James Baldwin said, “To be a Negro in this country and to be relatively conscious is to be in a rage almost all the time.” For many, there might be a fit of new anger that came with the viewing of the Ahmaud Arbery tape, but for black people, it’s been anger that has been sitting there for as long as we can remember. From early on, I can remember being treated differently and called names because of my race and realizing that the burden of being black means having to do twice as much and even then needing a miracle. It means walking by and hearing doors lock, purses being clutched, and hearing slurs under someone’s breath. So, people have to excuse us if we seem aggrieved because we are. We are tired of not being heard, being ignored, and even being scoffed at when we try to get the dignity owed to us.
My great-great-grandfather was born a slave and my grandparents had to endure segregation in the South, and my parents had to deal with inequality and prejudices, so this story is as old as the republic but as new as the day. It is intertwined with the DNA of this nation. The sad part is that there is nothing we can do to change the fact that our nation was built on the backs of slaves, but what we can control is how their descendants are treated.
For 400 years on this continent, we have gotten the issue of race wrong constantly, whether it was taking land from Native Americans or bringing black bodies over in boats. Bodies that were seen as just cargo (but were kings and queens) were brought from a proud land only to become a stranger in a strange land. They were deemed as disposable, thrown overboard to be eaten by sharks, chained together like cattle with no space to even move. For the next 250 years that tradition continued as black bodies were made to work for free, to build a country that never gave them anything in return…only to have people ask their descendants to get over it centuries later. Even after slavery, these bodies have had to endure lynchings, Jim Crow, the Klan, and police brutality. Sadly, what we saw this week on that tape doesn’t break from that tradition.
The reason I’ve stressed black bodies, is that for all of our time in the United States, that is all we’ve been seen as. That is all Ahmaud Arbery, Sandra Bland, Trayvon Martin, Jordan Davis, and all the too many we have lost were seen as. But we are so much more than that. Society refuses to accept that in those black bodies have been the hopes, the dreams, the talents, the futures of millions of people who have endured so much. Never considered are the possibilities that are snuffed out every time a black person is killed as a result of hatred.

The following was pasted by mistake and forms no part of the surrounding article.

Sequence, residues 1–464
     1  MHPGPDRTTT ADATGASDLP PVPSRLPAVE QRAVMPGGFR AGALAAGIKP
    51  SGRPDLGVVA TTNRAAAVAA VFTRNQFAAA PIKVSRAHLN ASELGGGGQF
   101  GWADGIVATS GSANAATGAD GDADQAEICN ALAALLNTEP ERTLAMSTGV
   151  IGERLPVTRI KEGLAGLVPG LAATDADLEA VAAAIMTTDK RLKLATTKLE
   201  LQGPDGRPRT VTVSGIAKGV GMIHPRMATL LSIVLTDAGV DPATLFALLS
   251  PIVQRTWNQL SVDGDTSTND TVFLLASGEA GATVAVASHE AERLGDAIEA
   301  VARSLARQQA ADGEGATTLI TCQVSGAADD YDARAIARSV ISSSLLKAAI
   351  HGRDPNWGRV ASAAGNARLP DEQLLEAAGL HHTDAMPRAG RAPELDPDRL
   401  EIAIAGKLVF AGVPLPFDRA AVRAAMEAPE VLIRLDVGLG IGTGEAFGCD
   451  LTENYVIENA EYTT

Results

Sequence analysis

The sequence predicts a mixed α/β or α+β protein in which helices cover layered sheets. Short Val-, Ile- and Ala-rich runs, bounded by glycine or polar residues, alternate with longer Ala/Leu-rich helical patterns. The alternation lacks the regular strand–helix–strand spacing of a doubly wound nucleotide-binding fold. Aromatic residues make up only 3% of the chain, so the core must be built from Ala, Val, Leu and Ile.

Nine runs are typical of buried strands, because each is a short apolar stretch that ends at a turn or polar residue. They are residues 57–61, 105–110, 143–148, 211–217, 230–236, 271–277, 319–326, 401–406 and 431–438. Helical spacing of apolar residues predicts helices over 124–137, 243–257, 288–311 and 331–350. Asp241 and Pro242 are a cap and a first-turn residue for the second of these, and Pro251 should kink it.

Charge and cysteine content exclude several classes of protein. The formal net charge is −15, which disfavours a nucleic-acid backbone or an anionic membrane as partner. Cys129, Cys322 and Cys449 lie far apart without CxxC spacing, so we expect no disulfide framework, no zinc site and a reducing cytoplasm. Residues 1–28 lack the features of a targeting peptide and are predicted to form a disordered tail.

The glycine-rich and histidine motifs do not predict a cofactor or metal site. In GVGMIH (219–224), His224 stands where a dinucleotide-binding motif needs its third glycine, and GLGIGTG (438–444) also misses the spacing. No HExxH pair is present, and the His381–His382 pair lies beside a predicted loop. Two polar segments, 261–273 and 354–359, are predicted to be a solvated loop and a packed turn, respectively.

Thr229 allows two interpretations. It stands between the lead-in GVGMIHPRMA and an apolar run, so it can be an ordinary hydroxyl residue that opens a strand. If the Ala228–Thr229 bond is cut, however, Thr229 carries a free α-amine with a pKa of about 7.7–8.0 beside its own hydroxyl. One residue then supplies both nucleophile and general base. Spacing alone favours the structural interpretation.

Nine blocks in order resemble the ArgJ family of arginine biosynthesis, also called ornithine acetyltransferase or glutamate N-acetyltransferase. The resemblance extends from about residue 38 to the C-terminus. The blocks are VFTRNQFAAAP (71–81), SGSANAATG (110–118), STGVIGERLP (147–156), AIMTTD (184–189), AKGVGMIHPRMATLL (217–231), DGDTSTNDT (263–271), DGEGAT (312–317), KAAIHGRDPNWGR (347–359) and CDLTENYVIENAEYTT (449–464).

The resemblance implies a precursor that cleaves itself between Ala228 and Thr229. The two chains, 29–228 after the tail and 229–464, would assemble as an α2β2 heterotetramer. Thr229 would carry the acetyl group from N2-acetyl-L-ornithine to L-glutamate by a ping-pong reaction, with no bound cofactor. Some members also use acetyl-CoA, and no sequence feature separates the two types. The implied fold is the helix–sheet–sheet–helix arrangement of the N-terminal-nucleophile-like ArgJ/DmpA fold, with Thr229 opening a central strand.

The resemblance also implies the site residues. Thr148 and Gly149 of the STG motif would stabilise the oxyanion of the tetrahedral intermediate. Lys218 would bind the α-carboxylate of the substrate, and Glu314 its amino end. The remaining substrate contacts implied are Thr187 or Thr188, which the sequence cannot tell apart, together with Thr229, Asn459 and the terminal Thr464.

Even through all of this, I have faith the day we dream of will come. I think of my ancestors and how they held onto faith even when many of them never experienced a second of freedom in their lives. Think about that, they believed there would be a better day even when they were born into captivity and left not even owning their bodies. They believed better would come, even if it was not in their lifetime. The Bible says in Hebrews 11:1 that “faith is the substance of things hoped for and the evidence of things not seen.” I have to keep that hope because if I don’t then hatred will win. I must do it for my own sanity.
The love I have for my community has fueled this fight, but I also fight because it’s a just and worthy cause. The sooner America can see it is not only on black people to fight, the better this nation will be. If you only see this as an African American struggle, you are still viewing it through the lens that sees us as the other. You have to realize that as Dr. King said: “All men are caught in an inescapable network of mutuality, tied in a single garment of destiny.” The longer we delay justice the longer the albatross of injustice lays around the neck of our nation.
We will push so that Ahmaud Arbery, Arthur McDuffie, James Byrd Jr., Carol Jenkins, Michael Brown, Sandra Bland, Trayvon Martin, Philando Castille, Tamir Rice, Jordan Davis, Walter Scott, Botham Jean, Eric Garner, Atatiana Jefferson, and Sean Reed did not die in vain. We struggle so that Martin’s, Malcolm’s, Barbara’s, and Sojourner’s words don’t hit the ground. We will fight for the voices of the unheard, those who never felt freedom until they hit the grave. We will fight for a better future, and in that, start a new tradition.